What Dr. King's Death Meant to a Six-Year-Old

The Root's senior editor Teresa Wiltz reflects on childhood memories of King's assassination and the legacy he left behind.

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Editor's note: Even two years after it was first published, this remembrance is worth sharing. After you read it we hope you'll share your own memories with us in the comment area.

The principal's voice crackles through the intercom at Powell Elementary School, a surprising intrusion on a sunny April morning: We're closing the school. Run, don't walk. Go home. Now.

I run-walk through the streets of Northwest Washington, my head to the sky, looking up at the yellow-green leaves forming patterns of lace in the trees above me. I hurry along, because that is what they told us to do, but I don't really understand the urgency, can't grasp the importance of what is going on: Martin Luther King Jr.? Shot? Dead?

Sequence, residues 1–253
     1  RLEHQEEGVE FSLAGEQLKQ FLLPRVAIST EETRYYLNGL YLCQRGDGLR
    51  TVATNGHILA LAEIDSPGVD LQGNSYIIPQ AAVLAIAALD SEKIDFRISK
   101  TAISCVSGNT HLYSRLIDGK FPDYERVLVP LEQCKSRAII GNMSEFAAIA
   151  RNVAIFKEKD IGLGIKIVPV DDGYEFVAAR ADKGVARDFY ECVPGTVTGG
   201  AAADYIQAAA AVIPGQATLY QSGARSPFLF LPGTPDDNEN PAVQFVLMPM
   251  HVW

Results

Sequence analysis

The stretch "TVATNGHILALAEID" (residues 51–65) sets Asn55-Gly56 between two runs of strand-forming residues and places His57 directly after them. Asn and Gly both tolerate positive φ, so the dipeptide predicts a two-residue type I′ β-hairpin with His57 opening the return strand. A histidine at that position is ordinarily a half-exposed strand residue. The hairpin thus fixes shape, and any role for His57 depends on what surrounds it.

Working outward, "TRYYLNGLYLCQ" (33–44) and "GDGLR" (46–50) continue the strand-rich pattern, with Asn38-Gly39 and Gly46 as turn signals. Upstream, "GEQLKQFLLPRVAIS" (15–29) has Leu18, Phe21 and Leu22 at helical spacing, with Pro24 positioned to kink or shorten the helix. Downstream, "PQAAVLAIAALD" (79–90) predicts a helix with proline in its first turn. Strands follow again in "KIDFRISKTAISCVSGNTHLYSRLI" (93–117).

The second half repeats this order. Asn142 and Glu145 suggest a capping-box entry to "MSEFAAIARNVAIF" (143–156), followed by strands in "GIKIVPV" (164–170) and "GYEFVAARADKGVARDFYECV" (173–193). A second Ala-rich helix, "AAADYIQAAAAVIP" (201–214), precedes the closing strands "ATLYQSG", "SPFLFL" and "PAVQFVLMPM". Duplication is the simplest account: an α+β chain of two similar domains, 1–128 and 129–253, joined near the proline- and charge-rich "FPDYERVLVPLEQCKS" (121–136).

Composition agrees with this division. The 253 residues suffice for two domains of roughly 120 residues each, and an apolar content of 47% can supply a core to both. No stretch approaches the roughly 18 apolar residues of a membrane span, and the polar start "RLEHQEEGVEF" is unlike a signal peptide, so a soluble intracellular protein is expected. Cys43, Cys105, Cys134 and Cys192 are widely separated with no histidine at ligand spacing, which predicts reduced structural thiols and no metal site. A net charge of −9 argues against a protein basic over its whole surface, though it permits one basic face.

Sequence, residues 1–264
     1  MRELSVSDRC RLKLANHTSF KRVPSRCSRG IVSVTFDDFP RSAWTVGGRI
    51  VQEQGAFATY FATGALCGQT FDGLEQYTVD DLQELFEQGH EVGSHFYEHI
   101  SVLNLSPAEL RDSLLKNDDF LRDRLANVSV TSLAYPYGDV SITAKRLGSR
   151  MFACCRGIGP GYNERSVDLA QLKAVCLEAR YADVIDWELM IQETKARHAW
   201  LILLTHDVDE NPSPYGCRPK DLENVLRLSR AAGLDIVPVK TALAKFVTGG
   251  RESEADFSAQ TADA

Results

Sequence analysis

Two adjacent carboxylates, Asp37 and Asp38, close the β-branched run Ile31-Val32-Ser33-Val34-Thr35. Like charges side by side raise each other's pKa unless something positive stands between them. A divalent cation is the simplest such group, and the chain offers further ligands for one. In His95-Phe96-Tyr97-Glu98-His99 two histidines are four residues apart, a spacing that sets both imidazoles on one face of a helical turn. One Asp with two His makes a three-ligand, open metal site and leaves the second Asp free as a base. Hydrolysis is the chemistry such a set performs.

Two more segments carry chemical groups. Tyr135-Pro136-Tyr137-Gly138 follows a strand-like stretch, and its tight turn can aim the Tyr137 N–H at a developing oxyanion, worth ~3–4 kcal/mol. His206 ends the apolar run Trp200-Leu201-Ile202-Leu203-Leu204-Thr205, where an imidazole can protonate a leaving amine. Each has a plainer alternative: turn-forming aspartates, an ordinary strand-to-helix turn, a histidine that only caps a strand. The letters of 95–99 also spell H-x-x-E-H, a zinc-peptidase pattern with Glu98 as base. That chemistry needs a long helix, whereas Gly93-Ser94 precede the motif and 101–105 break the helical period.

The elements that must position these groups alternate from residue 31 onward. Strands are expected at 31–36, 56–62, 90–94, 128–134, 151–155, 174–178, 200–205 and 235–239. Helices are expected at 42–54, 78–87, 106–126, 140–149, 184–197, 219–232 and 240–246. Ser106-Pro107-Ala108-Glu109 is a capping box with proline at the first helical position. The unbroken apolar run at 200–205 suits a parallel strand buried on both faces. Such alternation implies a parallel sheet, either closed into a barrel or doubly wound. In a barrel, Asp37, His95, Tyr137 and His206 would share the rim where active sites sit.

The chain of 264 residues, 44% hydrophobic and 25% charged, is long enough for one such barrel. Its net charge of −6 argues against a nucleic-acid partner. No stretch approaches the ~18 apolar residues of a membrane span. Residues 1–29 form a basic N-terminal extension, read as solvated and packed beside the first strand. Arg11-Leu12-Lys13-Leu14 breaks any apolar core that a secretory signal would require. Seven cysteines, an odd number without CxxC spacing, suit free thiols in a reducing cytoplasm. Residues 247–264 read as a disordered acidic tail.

Never heard of him.

April 5, 1968. The day after. I am 6.

At home, life is put on mute. The phone rings, and my mother jumps. My dad hasn't made it back yet from his medical school assignments at D.C. General Hospital. Worry rides her. I hear her talking to her friends, about how female teachers at her school were warned to stash their cash in their girdles before heading home. Just in case. Because you never know.


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